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How To Deep-Fry Mullet!

There's a secret to successful deep-fried mullet and we have it here! This week's Seafood Cooking Tip focuses on Deep-Fried Mullet with Guest Chef Maxine Kellogg from Apalachicola's AJ's Neighborhood Grill. Watch every week to catch culinary videos filmed at some of Franklin County's most popular seafood restaurants. Learn how to clean and prepare the bay's bounty from area chefs and local experts. Click here to watch!

Compliment your fresh fried mullet with these two AJ favorites!

Creamy Cheese Grits
4 cups water
1 cup Aunt Jemima Quick Grits
1 teaspoon salt
½ cup cheese
2 tablespoons butter

The key to grits is to cook them long and slow and stir. Nobody likes lumpy grits. To ensure that your grits are creamy and free of lumps, start with 4 cups of boiling water to every 1 cup of grits. Bring 4 cups boiling water, a pinch of salt and a tablespoon of butter to a rapid bowl. Add 1 cup of grits. (We like Aunt Jemima Quick Grits.) The key is to add the grits gradually and stir. Using a whisk is fine too. Stir continuously. Reduce heat to low. Cover and let grits slowly cook for 20 – 25 minutes remembering to stir often. Add 4oz of your favorite cheese…cheddar or Velveeta. Stir well and simmer another 5 minutes. Half cup of milk or cream can be added for extra creaminess. You want your grits to have a nice consistency – not too thin; not too thick; and not too gritty. Serve them beside your fresh hot fried mullet and add hushpuppies.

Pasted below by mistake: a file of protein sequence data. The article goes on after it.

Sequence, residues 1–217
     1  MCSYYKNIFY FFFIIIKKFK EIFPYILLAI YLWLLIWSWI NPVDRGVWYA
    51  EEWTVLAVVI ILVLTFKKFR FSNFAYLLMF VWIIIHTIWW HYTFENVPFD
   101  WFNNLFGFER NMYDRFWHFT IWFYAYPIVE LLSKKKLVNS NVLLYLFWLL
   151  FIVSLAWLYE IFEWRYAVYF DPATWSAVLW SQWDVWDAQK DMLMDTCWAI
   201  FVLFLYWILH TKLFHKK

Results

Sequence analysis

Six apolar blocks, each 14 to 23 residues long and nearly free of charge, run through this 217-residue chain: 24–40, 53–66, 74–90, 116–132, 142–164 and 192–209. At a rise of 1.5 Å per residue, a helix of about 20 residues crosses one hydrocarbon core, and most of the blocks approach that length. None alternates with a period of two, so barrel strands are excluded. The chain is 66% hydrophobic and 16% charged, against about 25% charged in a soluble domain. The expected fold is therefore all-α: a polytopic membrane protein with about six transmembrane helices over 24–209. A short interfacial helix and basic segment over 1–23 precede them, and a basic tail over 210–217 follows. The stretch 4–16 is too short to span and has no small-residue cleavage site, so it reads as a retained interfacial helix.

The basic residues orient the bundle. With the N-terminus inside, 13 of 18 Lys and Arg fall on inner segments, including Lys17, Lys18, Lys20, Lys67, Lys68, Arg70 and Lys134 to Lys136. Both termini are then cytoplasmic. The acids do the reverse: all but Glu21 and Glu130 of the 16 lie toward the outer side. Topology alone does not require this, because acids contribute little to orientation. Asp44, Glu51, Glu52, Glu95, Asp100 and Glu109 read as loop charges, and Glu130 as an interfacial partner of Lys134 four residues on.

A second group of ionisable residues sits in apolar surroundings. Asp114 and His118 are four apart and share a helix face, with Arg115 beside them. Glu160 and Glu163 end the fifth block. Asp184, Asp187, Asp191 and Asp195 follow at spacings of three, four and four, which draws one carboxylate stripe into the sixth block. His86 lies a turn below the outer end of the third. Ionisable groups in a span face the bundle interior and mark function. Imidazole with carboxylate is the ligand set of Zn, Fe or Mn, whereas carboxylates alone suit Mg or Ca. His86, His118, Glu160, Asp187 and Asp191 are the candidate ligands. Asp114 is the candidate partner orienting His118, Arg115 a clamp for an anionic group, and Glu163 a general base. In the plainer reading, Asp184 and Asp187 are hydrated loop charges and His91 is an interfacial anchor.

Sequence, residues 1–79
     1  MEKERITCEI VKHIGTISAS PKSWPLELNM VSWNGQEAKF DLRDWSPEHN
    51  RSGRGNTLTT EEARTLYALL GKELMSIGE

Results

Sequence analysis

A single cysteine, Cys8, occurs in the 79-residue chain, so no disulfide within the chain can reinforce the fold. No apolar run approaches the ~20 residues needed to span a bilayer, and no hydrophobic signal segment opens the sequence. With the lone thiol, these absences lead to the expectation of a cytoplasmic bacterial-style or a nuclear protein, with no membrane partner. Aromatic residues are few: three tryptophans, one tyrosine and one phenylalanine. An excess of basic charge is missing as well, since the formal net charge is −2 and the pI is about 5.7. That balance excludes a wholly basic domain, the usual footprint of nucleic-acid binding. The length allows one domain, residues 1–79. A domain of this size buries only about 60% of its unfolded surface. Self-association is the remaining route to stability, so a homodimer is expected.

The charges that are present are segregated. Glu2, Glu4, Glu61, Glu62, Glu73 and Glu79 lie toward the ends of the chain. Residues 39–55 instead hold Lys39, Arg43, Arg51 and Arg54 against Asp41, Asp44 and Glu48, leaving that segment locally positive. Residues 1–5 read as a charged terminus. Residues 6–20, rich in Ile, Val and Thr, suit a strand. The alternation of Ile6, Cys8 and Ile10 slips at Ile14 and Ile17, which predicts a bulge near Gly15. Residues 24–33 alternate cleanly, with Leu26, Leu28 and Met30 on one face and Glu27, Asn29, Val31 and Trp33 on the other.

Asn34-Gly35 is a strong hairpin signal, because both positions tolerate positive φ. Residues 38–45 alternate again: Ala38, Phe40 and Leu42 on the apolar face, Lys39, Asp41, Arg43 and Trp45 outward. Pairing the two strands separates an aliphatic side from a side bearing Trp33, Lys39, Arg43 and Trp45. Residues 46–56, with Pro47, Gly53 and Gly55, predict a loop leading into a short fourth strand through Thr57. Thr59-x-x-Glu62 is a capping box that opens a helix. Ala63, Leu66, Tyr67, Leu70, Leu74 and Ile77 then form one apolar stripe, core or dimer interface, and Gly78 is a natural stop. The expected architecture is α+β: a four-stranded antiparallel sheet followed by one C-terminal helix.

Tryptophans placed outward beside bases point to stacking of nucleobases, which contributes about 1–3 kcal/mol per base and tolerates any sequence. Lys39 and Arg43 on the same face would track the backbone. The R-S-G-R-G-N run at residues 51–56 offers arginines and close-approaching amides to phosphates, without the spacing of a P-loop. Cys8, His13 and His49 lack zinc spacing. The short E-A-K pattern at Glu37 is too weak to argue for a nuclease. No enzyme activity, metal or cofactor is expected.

Gram’s Hushpuppies
1 onion – chopped well
½ bell pepper – chopped well
2 eggs
1 cup milk
1& ½ cup self-rising flour
2 cups meal
¼ cup sugar
½ to 1 cup water as needed
Vegetable Oil to cover skillet

Chop vegetables. In medium mixing bowl, beat two eggs, add 1 cup milk, and mix well.
Add flour, meal and sugar. Stir well. Consistency should be stiff and not thin. Add water SLOWLY until you reach desired consistency. Mixture should be “doughy” so that you are able to drop the mixture off a spoon into hot oil. Heat enough oil to cover skillet nearly half way. Heat to 325 degrees. Once oil is hot, dip the spoon in to the oil. Use that spoon to roll off a spoonful of your “dough” into the hot oil. If you have achieved the right consistency, the dough will not fall apart but will remain in a “ball” shape. If the oil does not cover the hushpuppy, flip it over and cook both sides evenly…2 or 3 minutes on each side. Drain excess oil and serve beside fresh hot fried mullet and cheese grits!

Posted on Nov 11, 2011 at 3:08 PM


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Salty burlap bags full of Apalachicola Bay oysters are a Franklin County icon. Earthy, unpretentious, yet strong and resilient, burlap symbolizes much of what Franklin County embodies in its people, places and culture.
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